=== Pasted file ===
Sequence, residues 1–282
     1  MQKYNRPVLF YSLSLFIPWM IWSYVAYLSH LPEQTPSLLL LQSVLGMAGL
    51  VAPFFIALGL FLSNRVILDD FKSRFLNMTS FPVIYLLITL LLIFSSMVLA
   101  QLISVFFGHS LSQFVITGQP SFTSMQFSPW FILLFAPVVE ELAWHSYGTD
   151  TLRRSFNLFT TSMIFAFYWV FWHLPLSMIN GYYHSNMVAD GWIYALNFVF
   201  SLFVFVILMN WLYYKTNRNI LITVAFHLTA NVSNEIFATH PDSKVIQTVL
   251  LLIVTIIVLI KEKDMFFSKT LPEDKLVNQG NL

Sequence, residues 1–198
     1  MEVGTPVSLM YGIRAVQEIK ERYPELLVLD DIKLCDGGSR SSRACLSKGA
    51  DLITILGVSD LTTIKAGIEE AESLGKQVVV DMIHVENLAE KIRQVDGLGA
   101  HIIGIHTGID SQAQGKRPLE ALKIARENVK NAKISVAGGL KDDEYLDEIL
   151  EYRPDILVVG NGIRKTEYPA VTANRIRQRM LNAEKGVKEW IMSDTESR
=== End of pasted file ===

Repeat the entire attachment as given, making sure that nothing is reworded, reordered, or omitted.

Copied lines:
Sequence, residues 1–282
     1  MQKYNRPVLF YSLSLFIPWM IWSYVAYLSH LPEQTPSLLL LQSVLGMAGL
    51  VAPFFIALGL FLSNRVILDD FKSRFLNMTS FPVIYLLITL LLIFSSMVLA
   101  QLISVFFGHS LSQFVITGQP SFTSMQFSPW FILLFAPVVE ELAWHSYGTD
   151  TLRRSFNLFT TSMIFAFYWV FWHLPLSMIN GYYHSNMVAD GWIYALNFVF
   201  SLFVFVILMN WLYYKTNRNI LITVAFHLTA NVSNEIFATH PDSKVIQTVL
   251  LLIVTIIVLI KEKDMFFSKT LPEDKLVNQG NL

Sequence, residues 1–198
     1  MEVGTPVSLM YGIRAVQEIK ERYPELLVLD DIKLCDGGSR SSRACLSKGA
    51  DLITILGVSD LTTIKAGIEE AESLGKQVVV DMIHVENLAE KIRQVDGLGA
   101  HIIGIHTGID SQAQGKRPLE ALKIARENVK NAKISVAGGL KDDEYLDEIL
   151  EYRPDILVVG NGIRKTEYPA VTANRIRQRM LNAEKGVKEW IMSDTESR